Making sense: unleashing social capital in interdisciplinary teams
Journal of Professional Capital and Community
Article publication date: 10 July 2017
Issue publication date: 10 July 2017
Previous attempts to solve complex problems in the field of education have often focused on one disciplinary perspective. This impedes the creation of meaningful solutions and lasting change. While an interdisciplinary approach has the potential for complex problem solving, it has often proven difficult. The purpose of this paper is to apply social capital and sense-making lenses to facilitate complex problem-solving on a large, interdisciplinary, National Science Foundation funded team.
Social network analysis (SNA) and interviews allowed for the examination of the existing underlying social structures of the project team, and the ways in which these underlying structures were impacting the team’s ability to leverage its own social capital.
Findings demonstrated that decentralized, low levels of weekly and daily collaboration may constrain the team’s capacity for collective sense-making and its ability to achieve coherence around project goals.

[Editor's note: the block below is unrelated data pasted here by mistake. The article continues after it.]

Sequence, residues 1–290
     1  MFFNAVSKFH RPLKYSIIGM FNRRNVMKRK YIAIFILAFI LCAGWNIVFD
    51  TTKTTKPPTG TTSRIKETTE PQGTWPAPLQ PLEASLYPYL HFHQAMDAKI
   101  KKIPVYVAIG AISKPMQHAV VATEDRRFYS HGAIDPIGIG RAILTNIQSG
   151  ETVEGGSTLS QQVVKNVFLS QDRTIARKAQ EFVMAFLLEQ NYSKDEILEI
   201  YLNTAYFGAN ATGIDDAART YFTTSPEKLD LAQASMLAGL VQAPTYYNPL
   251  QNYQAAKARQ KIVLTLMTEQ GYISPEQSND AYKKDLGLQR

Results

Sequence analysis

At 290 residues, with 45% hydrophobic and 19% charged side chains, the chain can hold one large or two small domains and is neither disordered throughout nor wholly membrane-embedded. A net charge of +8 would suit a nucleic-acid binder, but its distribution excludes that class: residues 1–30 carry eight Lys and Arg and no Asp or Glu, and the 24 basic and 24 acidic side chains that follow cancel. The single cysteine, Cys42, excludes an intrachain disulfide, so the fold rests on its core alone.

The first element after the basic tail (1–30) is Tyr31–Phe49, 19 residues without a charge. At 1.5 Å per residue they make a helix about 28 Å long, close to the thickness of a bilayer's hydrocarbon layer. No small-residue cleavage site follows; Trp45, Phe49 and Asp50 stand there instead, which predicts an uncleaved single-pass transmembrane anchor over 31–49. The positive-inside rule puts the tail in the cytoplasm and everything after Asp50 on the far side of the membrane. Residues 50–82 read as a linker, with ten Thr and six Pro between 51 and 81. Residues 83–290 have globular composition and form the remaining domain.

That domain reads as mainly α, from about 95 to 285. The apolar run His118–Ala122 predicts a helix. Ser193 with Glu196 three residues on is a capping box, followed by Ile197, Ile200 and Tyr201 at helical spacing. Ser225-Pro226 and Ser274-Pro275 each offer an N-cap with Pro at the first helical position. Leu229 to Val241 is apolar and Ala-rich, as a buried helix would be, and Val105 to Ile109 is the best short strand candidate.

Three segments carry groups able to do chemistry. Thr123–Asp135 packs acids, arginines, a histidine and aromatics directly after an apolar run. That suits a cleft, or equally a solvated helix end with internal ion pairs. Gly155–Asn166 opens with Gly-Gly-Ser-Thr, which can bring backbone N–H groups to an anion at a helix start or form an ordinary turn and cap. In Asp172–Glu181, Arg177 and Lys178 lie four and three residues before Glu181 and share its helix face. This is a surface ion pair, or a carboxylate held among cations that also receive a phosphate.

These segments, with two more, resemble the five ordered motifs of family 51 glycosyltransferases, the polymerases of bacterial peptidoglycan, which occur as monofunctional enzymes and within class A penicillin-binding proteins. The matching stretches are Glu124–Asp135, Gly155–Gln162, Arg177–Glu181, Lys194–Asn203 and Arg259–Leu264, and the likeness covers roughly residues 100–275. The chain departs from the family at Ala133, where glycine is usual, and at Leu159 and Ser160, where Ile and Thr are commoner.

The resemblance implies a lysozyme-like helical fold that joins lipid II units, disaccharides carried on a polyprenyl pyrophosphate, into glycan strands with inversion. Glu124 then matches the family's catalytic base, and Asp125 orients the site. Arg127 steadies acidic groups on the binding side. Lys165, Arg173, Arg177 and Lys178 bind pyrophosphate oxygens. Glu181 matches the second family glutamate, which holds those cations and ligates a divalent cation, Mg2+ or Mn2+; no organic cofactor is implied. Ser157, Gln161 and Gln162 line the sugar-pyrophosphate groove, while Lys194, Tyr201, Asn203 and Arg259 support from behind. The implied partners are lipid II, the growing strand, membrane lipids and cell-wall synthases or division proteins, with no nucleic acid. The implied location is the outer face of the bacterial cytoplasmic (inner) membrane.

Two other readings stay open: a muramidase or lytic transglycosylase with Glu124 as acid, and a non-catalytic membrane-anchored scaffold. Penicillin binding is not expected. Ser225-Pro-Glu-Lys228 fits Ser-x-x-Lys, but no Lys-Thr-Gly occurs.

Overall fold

Using SNA to systematically study the underlying network structure of a team, with the intention to use that data to drive change, can allow teams to shape their networks over time to allow for sense-making and successful collaborations. It may be that, while large teams are studying their intended phenomena, they should also make time to study themselves.
Increasing the successfulness of large teams stands to positively impact researchers’ abilities to create workable solutions to intractable problems.
While SNA is a popular approach to understanding school districts and the spread of educational innovations, this study uses SNA to understand the creation of solutions and innovations.
The study was financially supported by the National Science Foundation, NSF Award ID No. 1319293.
Bryant, L.H., Freeman, S.B., Daly, A., Liou, Y.-H. and Branon, S. (2017), "Making sense: unleashing social capital in interdisciplinary teams", Journal of Professional Capital and Community, Vol. 2 No. 3, pp. 118-133. https://doi.org/10.1108/JPCC-01-2017-0001
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